Notably, even when VW did use a DEF system — as on the redesigned 2012 Passat— it still employed a software cheat to curtail the urea injections during real-world driving that customers wouldn't need to fill the DEF reservoir as often.
Why Would Volkswagen Cheat?
What drove Volkswagen to risk its reputation by trying to game the system? The German automaker wished to improve its U.S. sales substantially, which meant stealing market share away from efficiency-leader Toyota. The easiest way to do that, VW believed, would be to own the underdeveloped diesel space. Yet, company higher-ups had unrealistic ambitions. Volkswagen engineers informed management that they could not make diesel models meet new federal emissions standards — which required a 94 percent reduction in nitrous oxide tailpipe emissions — within the allotted development time and budget. And that's when the software cheat was born.
Clearing the Air
As you might imagine, Dieselgate angered a lot of people, and VW paid dearly. In addition to facing criminal prosecution and seeing some executives go to prison, the automaker has spent close to $40 billion to clean up this mess.
In the U.S., Volkswagen had to either fix the cars or buy them back, at each customer's choosing, and provide additional compensation in restitution and to make up for the reduced resale value of their vehicles. According to the settlement, VW had to modify or remove from circulation at least 85 percent of the affected vehicles, which it has since done. In fact, VW tells us it ultimately accepted about 97 percent of eligible VW, Audi, and Porsche vehicles into its remediation programs.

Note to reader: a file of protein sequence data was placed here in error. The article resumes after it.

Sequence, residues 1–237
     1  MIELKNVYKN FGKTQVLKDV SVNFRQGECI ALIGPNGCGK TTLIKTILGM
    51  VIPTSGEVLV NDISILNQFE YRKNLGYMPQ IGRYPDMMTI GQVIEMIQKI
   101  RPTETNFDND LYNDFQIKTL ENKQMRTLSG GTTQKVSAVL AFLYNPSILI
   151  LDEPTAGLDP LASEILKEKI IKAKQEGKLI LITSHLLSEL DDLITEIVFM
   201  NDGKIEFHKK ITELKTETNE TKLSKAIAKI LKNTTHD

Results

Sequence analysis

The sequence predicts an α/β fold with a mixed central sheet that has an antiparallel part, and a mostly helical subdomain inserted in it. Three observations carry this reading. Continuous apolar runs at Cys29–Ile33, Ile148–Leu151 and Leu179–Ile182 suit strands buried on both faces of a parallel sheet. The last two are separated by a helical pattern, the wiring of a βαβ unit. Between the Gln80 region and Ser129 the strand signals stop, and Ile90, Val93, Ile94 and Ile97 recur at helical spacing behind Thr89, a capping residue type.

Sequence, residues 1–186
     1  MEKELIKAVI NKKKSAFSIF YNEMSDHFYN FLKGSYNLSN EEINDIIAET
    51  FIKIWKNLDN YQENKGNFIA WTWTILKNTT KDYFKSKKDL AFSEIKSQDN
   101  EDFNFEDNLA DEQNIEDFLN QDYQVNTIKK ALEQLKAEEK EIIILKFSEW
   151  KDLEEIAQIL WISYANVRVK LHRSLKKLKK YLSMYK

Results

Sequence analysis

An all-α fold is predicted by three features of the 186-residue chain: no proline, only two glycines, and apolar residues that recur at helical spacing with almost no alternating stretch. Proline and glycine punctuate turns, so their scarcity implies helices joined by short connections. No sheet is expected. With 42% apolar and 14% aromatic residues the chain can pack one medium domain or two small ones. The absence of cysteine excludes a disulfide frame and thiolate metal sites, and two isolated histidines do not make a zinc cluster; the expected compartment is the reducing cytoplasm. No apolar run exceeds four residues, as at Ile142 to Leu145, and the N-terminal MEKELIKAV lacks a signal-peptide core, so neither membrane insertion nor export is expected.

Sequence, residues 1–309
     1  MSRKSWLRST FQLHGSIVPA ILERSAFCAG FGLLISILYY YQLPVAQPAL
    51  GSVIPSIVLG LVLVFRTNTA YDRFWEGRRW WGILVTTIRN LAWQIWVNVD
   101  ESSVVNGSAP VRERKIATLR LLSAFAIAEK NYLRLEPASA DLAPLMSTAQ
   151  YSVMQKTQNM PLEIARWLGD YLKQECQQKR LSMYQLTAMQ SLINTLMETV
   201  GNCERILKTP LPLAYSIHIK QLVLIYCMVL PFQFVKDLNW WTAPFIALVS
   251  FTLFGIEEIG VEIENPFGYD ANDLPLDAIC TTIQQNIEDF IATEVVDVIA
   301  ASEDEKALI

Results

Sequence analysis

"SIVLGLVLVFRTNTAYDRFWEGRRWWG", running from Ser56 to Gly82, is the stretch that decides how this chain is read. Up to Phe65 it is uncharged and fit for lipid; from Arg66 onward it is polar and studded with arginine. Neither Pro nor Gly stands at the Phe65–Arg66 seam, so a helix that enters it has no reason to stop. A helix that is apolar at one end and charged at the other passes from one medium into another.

Once recalled, these cars sat on massive lots until they received their EPA-approved modification. Then VW put them up for sale and set up VIN lookup sites so prospective shoppers could verify a car's EPA status. It sold quite a few of them. "Since the end of the 2.0-liter and 3.0-liter settlement programs in 2018 and 2020, respectively," said VW spokesman Mark Gillies, "the storage lots have been closed, and the remaining inventory of modified TDI vehicles has been in the used-car market for quite some time."
That was the end of VW's U.S. diesel ambitions. In 2016, the company announced it would no longer sell new diesels in the states and would instead focus on developing electric vehicles.
VW Comes Around on Electric Vehicles
Among the other stipulations of the settlement, VW had to atone for its wrongdoing by investing $2 billion in charging infrastructure for zero-emissions vehicles. The resulting charging network, Electrify America, became an integral part of the Volkswagen Group's expansive plans to introduce new EVs and has more than more than 3,400 DC fast-chargers spread out among some 800 charging stations nationwide.
Currently, Volkswagen offers only one EV in the U.S., the ID.4 crossover SUV but has promised to reboot the classic VW Bus as an electric. The ID. Buzz should arrive for the 2025 model year followed by the ID.7 sedan.